Spend on CSR mandatory for profitable firms even if group incurs loss

NEW DELHI: The Ministry of Corporate Affairs (MCA) proposes to mandate companies to spend two% of their average net profit for past three years on fulfilling their corporate social responsibilities (CSR) even if their Group makes consolidated net loss.

As per the draft rules under the newly enacted Companies Act, 2013, on which feedback is invited till October eight, this spend is based on the standalone net profit of the company, irrespective of loss or gain of the group.

“Two percent CSR spending would be computed as 2% of the average net profits made by the company during every block of three years. For the purpose of first CSR reporting the net profit shall mean average of the annual net profit of the preceding three financial years ending on or before 31 March 2014,” the draft rules said.

If a company fails to spend the amount, it will have to explain the reason for it in its annual reports.

The draft rules propose various other strict criteria to ensure spending of the money on social development. For instance, the draft rules suggest that donations or activities exclusively benefiting a company’s own employees and families will not qualify as CSR.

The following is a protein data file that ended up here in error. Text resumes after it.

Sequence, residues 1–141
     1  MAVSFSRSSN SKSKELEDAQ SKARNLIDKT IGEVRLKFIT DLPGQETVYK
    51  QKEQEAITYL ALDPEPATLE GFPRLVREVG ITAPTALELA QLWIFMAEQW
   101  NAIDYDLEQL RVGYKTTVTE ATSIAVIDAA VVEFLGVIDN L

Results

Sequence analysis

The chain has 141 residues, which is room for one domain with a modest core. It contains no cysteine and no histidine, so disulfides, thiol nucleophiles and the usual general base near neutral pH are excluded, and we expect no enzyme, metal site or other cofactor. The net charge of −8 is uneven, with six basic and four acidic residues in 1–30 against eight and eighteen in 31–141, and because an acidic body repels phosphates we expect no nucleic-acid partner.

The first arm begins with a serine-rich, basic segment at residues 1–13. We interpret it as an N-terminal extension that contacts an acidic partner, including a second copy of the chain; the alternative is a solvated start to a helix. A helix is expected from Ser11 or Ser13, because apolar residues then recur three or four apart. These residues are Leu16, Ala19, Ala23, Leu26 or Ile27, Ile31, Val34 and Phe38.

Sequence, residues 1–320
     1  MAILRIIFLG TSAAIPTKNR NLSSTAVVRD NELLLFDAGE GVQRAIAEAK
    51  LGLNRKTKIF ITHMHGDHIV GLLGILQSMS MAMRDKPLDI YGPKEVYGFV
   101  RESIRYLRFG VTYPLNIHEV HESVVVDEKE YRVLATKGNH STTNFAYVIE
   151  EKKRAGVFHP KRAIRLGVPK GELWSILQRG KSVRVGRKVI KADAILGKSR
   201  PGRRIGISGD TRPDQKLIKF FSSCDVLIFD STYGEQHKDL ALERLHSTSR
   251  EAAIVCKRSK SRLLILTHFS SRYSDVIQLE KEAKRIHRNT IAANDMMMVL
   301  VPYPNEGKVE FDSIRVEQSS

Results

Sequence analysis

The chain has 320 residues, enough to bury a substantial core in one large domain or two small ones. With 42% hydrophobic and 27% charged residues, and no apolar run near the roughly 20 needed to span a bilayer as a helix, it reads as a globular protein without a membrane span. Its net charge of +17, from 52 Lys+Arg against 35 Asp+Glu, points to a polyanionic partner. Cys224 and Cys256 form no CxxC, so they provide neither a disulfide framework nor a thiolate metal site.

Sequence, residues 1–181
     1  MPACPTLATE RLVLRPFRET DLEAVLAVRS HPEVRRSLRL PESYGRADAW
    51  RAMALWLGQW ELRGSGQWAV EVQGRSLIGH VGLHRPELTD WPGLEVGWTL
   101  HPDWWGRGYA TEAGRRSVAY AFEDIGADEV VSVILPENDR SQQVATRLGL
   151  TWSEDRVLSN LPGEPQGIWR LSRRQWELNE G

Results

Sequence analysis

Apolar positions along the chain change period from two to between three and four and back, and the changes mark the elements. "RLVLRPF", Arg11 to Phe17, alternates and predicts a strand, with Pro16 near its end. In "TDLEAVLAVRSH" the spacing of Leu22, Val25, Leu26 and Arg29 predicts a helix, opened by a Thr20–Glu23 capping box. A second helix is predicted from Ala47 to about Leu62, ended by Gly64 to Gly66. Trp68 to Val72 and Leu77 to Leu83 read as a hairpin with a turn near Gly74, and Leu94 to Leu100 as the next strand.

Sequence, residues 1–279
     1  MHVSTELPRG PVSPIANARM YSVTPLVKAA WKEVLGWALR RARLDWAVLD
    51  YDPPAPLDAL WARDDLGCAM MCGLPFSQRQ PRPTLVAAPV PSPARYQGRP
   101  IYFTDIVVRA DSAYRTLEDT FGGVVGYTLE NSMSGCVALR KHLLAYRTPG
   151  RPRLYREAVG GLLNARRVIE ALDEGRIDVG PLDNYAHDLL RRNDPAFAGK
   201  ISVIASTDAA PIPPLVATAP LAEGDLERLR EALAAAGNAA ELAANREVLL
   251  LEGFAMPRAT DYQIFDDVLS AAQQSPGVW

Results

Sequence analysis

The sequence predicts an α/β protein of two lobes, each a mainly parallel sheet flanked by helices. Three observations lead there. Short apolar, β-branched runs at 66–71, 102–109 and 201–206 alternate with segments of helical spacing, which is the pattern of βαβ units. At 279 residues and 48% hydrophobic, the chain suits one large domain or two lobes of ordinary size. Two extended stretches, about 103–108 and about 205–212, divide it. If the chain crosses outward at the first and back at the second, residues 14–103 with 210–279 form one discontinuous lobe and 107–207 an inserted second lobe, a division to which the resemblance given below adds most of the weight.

“Only activities which are not exclusively for the benefit of employees of the company or their family members shall be considered as CSR activity,” the draft rules said.

The first set of draft rules, covering 16 of the total 29 chapters of the Act, was released by the Ministry of Corporate Affairs on Monday.

The Companies Act mandates companies having a net worth of Rs 500 crore or more; or a turnover of Rs 1000 crore or more; or a net profit of Rs 5 crore or more to have a CSR spend of at least 2% of their average net profit of past three years.

While the draft rules provide an indicative list of activities which will qualify for CSR, it has also allowed companies to collaborate or pool resources with other companies to undertake CSR activities. Any expenditure incurred on such collaborative efforts would qualify for computing the CSR spending, the draft rules said.

Besides, the draft proposed that contributions to the Prime Minister’s National Relief Fund and other Central and state government funds will continue to be eligible for CSR activities.

The CSR committee of a company will be responsible for specifying the projects and programmes to be undertaken by the company. The committee is also required to monitor and report the activities to the government.

The draft rules on CSR are proposed to be implemented from financial year 2014-15, while companies are required to do the first CSR annual reporting based on the three preceding years ending on or before March 31, 2014.

Apart from CSR, the draft rules also cover norms for auditors, appointment of directors, declaration and payment of dividends, besides setting up of National Financial Reporting Authority.
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(Business Standard, 10 September 2013)



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